We first wrote this blog in 2015, largely to help those starting out in the industry to better understand some of the terms being used. Funnily enough – the need is just as great today, if not greater. We still find many in the industry – including those in quite senior roles struggle to understand how an interest rate swap works.

Why use an interest rate swap?

Interest rate swaps (or IRS) are often simply described as an exchange of cashflows. Either fixed for floating or floating for fixed, to hedge interest rate risk.

However, the best way to understand an IRS is by way of an example. The easiest example is that of a borrower who wishes to fix their interest rate exposure. Many of us borrow money from the bank in the form of a mortgage for our home and we choose to lock in the certainty of the interest rate payments by fixing the interest rate for a few years. A pretty simple concept.

The corporate borrower has a few more options available to them to achieve certainty over interest costs on borrowings. They can borrow on a fixed rate basis similar to our residential mortgages. Alternatively, they could borrow from the bank on a floating rate basis and then enter a pay fixed interest rate swap to lock in the interest rate. The outcome is the same.

However, the advantage of the IRS is the flexibility it allows the borrower in regards to the term you can fix and the flexibility to restructure. It is common for a borrower to fix through the IRS market out to ten years or longer. It is much harder, and expensive, to get the bank to fix interest rates long term. Banks need to be compensated for tying up capital for such an extended period of time.

It is also much harder, and expensive, to break debt that has been borrowed on a fixed rate basis. Comparatively, restructuring an IRS is a straightforward process. It also allows the corporate borrower to take advantage of prevailing interest rate market opportunities or “play the yield curve” to use financial market parlance.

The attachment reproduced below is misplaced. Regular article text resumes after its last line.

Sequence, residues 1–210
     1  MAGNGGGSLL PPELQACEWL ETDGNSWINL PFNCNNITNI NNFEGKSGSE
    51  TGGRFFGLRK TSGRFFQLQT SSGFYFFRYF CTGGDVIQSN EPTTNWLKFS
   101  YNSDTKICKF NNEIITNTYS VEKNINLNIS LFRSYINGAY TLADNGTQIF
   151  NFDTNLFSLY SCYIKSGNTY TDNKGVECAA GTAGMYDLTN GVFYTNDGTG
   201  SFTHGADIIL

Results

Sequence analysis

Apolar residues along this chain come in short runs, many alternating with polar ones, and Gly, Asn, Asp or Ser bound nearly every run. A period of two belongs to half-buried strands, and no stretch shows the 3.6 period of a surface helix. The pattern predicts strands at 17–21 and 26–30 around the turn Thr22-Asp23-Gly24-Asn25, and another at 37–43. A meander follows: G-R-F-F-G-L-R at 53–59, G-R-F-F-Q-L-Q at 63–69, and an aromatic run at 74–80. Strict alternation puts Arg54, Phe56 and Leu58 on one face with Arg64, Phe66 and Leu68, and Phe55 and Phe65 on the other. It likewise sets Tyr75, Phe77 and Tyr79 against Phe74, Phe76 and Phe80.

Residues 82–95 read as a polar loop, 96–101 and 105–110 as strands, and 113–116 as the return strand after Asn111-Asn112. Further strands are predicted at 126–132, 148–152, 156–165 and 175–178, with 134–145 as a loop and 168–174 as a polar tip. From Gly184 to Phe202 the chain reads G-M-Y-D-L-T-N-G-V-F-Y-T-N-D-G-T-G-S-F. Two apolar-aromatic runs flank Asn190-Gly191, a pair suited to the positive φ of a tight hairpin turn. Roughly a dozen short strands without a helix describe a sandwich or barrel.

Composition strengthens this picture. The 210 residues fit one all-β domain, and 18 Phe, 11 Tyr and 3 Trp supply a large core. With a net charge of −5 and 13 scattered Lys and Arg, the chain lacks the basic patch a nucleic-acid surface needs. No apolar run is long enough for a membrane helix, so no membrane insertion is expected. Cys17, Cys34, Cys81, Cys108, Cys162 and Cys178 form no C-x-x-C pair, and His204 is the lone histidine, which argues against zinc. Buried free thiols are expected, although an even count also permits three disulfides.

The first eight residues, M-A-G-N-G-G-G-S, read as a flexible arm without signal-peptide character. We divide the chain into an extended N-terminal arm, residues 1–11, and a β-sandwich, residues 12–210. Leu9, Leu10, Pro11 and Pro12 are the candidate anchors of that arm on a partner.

How does an IRS work?

Explaining how an IRS works requires us to understand the concept of exchanging cashflows. The diagram below represents the cashflows associated with a borrower using an IRS to fix interest costs:

IRS cashflow

 

  1. The company borrows money from the bank, say $10 million for our example, on a floating rate basis. There are floating rate benchmarks for different currencies i.e. BKBM in NZ, BBSW in Australia, EURIBOR in Europe etc., which changes/sets every day. The bank will charge a margin on the money it lends e.g. 2% The effect for the company is it borrows money at floating rate + 2%
  2. The company wishes to fix the interest cost. To achieve this it enters a pay fixed / receive floating IRS with a bank (maybe the same bank as it has borrowed from, but not necessarily). Assuming the company wishes to fix the entire $10 million i.e. the swap is entered for $10 million.

It could just as easily decide to fix only half the amount i.e. $5 million. This is where you see some of the flexibility an IRS allows the company when considering its interest rate risk management profile. Under the terms of the pay fixed swap the borrower will pay the bank a fixed interest rate and receive floating interest from the bank i.e. exchange of cashflows. Note, there is no exchange of principal, only interest.

The floating rate received through the swap offsets the floating rate paid to the bank for the debt. The net impact to the borrower is paying a fixed rate (through the swap) plus the margin the bank charges for borrowing the money (2%) .

Factors to consider

Firstly, the roll-dates of the IRS should match that of the debt.  That means, if the floating rate on the debt sets every three months then so should the floating rate on the IRS, and on the same day.

The underlying reference rate on the debt and the swap should also match i.e. BKBM, BBSW, EURIBOR, etc. Both things ensure there is no “basis risk” within the hedge. It also ensures it passes muster from a hedge accounting perspective if it is designated into a hedge relationship.

The example above is designed to provide a basic understanding of the concept of an IRS. We have used the floating rate borrower as an example. However, interest rate swaps are used by an array of market participants for a multitude of uses. This includes investors wishing to structure their income profiles or borrowers who have borrowed on a fixed term but wish to have exposure to floating interest rates.

Hopefully this has improved your understanding of Interest Rate Swaps.  Of course, managing IRS and other financial instruments is infinitely easier using a tool like Hedgebook. Take a couple of minutes to check out our overview video to see exactly how it might help you.